Both Tony Harrison and Jarrett Hurd were already on the verge of fulfilling their goal of fighting for a world championship leading up to their 154-pound showdown next week. Thanks to Jermall Charlo, that opportunity is now staring them in the face.
What was originally scheduled to be a title elimination bout between Harrison and Hurd is now a battle for a vacant 154-pound world championship on February 25 at Legacy Arena in Birmingham, Alabama (FOX, 8 p.m. ET/5 p.m. PT).
The title became vacant Thursday when Jermall Charlo (25-0, 19 KOs) announced his decision to move up to 160 pounds to seek a world title in a second weight division. The 26-year-old Houston resident became a 154-pound titleholder in September 2015 with a third-round TKO of Cornelius Bundrage and subsequently defended his crown three times, including a fifth-round knockout of unbeaten contender Julian Williams on December 10.
“I've been thinking about moving to 160 pounds for a while now,” Charlo said. “It was a struggle for me to make the weight for the last title fight. Once I captured the title I defended it immediately, because I wasn't sure how long I could hold the weight. I held it an extra year to fight Austin Trout and Julian Williams.
“I feel there are bigger and better things for me at 160 where I can still hold my weight and be stronger. The idea of being a two-time world champion is a big goal for me.”
The Tony Harrison vs Jarrett Hurd bout is the co-main event to Deontay Wilder’s heavyweight title defense against Gerald Washington. Their fight originally was intended to determine who would be the next challenger for Charlo, but the winner will now become the newest 154-pound champion.
“ I feel there are bigger and better things for me at 160 where I can still hold my weight and be stronger. The idea of being a two-time world champion is a big goal for me. ” Jermall Charlo, on vacating his 154-pound world title
Harrison (24-1, 20 KOs) has won three straight fights since suffering his lone defeat against Willie Nelson in July 2015. In his last bout, the 26-year-old Detroit native earned a ninth-round TKO of Sergey Rabchenko in Brooklyn, New York, in July.
Since his professional debut in July 2011, the 6-foot-1 Harrison has been making quick work of most of his opponents in his quest to become a champion.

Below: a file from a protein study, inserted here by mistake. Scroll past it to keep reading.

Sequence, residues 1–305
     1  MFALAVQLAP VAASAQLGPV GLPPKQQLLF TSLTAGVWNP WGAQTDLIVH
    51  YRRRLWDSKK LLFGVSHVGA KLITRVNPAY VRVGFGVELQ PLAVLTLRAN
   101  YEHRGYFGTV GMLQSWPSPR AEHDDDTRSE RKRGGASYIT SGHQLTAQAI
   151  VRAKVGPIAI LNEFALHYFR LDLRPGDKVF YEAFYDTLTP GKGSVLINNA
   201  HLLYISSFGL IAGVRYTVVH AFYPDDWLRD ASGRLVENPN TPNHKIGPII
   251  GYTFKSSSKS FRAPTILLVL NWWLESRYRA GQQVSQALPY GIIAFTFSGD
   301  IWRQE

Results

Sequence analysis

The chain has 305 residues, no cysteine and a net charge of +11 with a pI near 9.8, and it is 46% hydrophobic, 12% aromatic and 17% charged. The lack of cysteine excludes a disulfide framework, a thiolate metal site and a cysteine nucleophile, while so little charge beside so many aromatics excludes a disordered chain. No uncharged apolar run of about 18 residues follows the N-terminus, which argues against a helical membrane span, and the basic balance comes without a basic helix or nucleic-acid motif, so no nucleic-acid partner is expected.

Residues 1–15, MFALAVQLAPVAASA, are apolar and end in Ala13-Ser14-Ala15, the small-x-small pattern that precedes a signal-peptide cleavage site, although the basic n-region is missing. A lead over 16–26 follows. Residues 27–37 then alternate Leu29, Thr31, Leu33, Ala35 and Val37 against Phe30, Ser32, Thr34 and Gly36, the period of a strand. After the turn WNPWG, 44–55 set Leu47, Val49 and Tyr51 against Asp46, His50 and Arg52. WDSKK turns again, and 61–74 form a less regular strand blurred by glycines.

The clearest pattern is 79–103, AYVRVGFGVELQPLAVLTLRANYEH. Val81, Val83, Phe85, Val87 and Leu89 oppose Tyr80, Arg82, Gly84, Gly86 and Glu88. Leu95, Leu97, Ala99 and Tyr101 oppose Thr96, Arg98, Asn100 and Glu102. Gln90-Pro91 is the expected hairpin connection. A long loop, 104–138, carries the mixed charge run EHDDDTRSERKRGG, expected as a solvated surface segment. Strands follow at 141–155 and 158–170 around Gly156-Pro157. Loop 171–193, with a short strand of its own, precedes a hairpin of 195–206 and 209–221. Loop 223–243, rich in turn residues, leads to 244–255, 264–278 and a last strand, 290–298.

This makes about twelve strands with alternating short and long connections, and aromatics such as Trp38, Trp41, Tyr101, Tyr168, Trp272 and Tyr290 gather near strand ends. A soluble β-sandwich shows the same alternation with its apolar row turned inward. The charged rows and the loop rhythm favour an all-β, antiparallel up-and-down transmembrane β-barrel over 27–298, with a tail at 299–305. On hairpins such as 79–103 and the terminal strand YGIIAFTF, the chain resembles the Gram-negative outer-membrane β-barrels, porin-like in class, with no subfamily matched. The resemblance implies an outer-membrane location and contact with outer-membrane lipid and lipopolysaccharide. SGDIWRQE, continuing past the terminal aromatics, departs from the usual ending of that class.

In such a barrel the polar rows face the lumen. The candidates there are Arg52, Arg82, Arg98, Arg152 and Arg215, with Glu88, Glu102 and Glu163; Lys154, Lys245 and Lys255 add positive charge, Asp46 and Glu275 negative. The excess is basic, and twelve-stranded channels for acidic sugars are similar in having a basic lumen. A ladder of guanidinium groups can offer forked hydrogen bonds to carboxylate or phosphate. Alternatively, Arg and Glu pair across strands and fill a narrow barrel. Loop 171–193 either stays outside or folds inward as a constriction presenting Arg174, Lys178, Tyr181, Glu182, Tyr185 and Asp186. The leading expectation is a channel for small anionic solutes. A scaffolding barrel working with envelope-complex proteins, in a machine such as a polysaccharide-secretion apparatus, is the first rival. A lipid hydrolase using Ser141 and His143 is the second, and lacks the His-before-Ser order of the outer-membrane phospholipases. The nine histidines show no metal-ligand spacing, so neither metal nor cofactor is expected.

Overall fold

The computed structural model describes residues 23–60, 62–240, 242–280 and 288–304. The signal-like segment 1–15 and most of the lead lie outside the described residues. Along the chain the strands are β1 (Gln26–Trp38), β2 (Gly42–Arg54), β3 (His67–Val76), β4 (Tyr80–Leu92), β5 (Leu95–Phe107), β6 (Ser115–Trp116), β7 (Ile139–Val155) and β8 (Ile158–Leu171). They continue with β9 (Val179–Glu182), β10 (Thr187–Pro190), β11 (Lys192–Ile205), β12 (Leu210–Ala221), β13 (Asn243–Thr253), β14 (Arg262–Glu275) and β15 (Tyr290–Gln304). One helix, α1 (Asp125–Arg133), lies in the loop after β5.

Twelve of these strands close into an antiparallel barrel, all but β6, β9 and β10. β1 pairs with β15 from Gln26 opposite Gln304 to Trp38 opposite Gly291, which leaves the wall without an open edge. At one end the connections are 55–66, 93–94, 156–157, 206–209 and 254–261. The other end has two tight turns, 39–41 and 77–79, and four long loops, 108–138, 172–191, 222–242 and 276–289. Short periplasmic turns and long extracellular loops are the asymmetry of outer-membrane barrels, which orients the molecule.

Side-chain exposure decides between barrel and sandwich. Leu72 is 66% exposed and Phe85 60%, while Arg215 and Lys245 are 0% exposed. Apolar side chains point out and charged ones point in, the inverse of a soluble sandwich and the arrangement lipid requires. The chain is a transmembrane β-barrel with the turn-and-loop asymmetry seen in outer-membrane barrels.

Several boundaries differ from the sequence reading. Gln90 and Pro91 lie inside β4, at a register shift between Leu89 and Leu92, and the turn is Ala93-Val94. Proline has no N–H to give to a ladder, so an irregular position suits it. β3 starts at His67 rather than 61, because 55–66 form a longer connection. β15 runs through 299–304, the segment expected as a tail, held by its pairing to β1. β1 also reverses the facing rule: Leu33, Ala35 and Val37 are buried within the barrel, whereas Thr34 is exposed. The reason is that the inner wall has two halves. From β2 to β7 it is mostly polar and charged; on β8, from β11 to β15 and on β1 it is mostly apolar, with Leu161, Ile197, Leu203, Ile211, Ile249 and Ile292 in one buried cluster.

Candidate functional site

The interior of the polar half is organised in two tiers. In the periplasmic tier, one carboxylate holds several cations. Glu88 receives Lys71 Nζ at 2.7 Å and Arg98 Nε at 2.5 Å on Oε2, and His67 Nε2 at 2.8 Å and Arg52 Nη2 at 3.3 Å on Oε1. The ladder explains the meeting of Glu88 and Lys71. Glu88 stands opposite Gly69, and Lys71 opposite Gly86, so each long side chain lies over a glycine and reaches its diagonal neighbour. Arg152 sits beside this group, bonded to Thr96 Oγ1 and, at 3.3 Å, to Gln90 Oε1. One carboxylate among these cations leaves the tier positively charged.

“I've been waiting on this for a long time. This the biggest shot of my life. It's like my son being born all over again,” Harrison said when informed of Charlo's decision to vacate. “As a boxer this is what you dream of—the day you fight for a world title. Santa came early.
“We're both 26 years old. It's a dream come true for both of us. It doesn't change the approach. It just makes it much sweeter and puts that much more respect on the winner of this fight.”
Hurd (19-0, 13 KOs) has had a quicker ascent toward the top than his opponent since debuting in September 2012. The 6-foot-1 native of Accokeek, Maryland, is coming off a sixth-round TKO of former 147-pound title challenger Jo Jo Dan in November and has stopped seven of his last eight opponents, including a current string of five straight.
“This is the moment every boxer dreams of, becoming the world champion,” Hurd said. “I finally get that opportunity on the big stage—on the Deontay Wilder heavyweight championship card and on FOX in prime time on national TV. I'm blessed. I want to thank everyone for getting me to this point.
“Tony Harrison is a great fighter. It's not going to be an easy fight. Tony Harrison is top-level competition, and I'm a top-level competitor. Two great fighters going after something they want. But I have to say my pants are falling and I need my belt.”
For a complete look at Harrison vs Hurd, visit our fight page.